The relevant section 8.03 in the APA Ethical Principles of Psychologists and Code of Conduct does not employ a proper term. In the literature, »deception/deceptive study/experiment/method(s)« are sometimes used, however not in the sense of a technical term – most often the matter is paraphrased as in »studies that use deception«.
The Milgram experiment(s) prominently employed deception, and the latter is most often discussed in the context of social psychology. On the other hand, there are much less clear cases. Robin Kramer in his comment is right that often it is not clear for the subject which variables are actually measured by some technique in a straightforward sense – think of a questionnaire that is part of a job application procedure, or e.g. indirect techniques for measuring attitudes.
Since deception as a clear-cut methodical device has been prominently used in social psychology, let's take a look at a popular text book:
In this kind of experiment, it’s essential that the participant experience contrived events as if they were real; this is called a deception experiment. Deception in social psychological research involves misleading participants about the true purpose of a study or the events that transpire. (Aronson/Wilson/Akert/Sommers (2016): Social Psychology (9th ed.), p. 46)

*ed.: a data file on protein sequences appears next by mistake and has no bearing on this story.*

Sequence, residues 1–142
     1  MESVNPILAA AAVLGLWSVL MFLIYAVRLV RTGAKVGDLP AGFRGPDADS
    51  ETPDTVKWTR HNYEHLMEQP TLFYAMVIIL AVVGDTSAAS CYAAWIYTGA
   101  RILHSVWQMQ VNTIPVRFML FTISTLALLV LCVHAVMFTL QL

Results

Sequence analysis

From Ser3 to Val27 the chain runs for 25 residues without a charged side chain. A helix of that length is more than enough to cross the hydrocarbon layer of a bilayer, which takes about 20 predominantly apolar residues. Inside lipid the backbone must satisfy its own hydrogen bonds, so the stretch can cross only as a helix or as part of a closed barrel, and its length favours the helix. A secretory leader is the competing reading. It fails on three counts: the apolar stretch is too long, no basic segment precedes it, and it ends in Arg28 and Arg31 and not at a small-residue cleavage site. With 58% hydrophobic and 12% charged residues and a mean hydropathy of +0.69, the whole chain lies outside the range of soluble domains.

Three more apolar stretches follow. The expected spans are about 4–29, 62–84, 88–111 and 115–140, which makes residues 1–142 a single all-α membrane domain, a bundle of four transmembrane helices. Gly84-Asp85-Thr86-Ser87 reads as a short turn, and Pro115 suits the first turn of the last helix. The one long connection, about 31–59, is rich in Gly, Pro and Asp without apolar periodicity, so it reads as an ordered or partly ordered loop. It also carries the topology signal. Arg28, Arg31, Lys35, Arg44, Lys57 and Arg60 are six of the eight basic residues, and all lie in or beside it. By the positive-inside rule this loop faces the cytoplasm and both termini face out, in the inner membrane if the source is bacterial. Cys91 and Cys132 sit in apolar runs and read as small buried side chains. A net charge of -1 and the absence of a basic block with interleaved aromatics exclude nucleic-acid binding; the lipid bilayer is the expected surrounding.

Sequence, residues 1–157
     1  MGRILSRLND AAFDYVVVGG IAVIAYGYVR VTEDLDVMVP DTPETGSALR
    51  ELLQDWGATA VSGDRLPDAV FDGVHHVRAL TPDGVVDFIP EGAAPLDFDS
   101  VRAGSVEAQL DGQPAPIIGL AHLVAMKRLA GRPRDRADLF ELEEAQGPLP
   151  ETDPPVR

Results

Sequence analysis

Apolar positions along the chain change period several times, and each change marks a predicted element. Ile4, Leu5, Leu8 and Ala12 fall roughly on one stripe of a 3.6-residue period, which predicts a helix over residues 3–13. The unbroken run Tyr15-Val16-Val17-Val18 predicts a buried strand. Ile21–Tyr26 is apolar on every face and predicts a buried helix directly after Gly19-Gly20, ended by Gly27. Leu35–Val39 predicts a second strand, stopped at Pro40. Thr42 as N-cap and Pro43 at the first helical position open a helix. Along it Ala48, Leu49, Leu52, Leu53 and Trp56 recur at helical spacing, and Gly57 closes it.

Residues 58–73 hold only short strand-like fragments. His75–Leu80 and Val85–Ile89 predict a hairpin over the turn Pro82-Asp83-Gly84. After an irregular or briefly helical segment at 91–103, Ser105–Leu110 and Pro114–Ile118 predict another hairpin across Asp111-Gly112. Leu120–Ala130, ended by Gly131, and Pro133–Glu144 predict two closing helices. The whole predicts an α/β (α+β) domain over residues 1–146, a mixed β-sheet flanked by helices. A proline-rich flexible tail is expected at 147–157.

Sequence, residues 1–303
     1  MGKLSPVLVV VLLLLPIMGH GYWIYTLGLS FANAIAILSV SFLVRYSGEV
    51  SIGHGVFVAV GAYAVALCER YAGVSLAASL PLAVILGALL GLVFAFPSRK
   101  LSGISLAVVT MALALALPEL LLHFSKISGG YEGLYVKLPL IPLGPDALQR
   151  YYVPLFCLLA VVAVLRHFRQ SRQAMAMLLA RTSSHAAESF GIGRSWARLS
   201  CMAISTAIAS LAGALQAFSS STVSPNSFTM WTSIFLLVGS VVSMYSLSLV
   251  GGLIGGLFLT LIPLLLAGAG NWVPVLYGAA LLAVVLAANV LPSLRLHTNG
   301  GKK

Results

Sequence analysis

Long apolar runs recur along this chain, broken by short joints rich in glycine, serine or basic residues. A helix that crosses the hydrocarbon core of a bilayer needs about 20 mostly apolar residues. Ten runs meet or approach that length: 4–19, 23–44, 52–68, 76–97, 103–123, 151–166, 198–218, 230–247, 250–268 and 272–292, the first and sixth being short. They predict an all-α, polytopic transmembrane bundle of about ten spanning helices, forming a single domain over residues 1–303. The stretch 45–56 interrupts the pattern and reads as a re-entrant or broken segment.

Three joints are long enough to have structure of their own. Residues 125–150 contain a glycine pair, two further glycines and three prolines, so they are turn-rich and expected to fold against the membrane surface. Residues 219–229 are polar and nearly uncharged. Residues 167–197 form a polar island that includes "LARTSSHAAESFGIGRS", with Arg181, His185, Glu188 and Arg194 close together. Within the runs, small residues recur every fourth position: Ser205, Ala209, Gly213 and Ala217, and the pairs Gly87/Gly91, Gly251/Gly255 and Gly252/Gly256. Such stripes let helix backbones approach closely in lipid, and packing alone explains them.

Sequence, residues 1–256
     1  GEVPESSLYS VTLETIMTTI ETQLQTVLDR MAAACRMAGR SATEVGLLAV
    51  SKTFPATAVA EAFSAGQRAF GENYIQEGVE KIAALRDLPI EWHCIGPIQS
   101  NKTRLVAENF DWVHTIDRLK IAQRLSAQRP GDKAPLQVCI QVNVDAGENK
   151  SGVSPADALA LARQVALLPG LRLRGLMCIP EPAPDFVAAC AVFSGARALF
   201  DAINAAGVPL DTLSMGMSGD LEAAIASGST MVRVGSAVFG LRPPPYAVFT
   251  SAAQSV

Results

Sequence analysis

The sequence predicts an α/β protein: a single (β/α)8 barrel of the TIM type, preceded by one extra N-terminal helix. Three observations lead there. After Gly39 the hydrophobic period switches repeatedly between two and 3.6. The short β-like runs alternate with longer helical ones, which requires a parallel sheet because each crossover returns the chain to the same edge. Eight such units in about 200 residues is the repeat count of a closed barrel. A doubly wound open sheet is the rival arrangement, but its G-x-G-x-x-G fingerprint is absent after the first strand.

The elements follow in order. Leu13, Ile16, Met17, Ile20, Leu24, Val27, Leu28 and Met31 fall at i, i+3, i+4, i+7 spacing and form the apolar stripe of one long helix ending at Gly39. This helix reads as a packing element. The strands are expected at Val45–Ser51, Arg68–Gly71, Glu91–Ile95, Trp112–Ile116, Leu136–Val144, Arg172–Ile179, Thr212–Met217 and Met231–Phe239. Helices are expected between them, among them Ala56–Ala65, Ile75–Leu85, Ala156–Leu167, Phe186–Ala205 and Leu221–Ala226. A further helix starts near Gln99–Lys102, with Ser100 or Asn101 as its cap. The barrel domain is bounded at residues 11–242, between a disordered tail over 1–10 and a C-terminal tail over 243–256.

Finally, Aronson et al. (2016) give the following references:
- Christensen, L. (1988). Deception in psychological research: When is its use justified? Personality and Social Psychology Bulletin, 14, 664–675.
- Epley, E., & Hu , C. (1998). Suspicion, affective response, and education benefit as a result of deception in psychology research. Personality and Social Psychology Bulletin, 24, 759–768.
- Finney, P. D. (1987). When consent information refers to risk and deception: Implications for social research. Journal of Social Behavior and Personality, 2, 37–48.
- Gerdes, E. P. (1979). College students’ reactions to social psychological experiments involving deception. Journal of Social Psychology, 107, 99–110.
- Sharpe, D., Adair, J. G., & Roese, N. J. (1992).
Twenty years of deception research: A decline in subjects’ trust? Personality and Social Psychology Bulletin, 18, 585–590.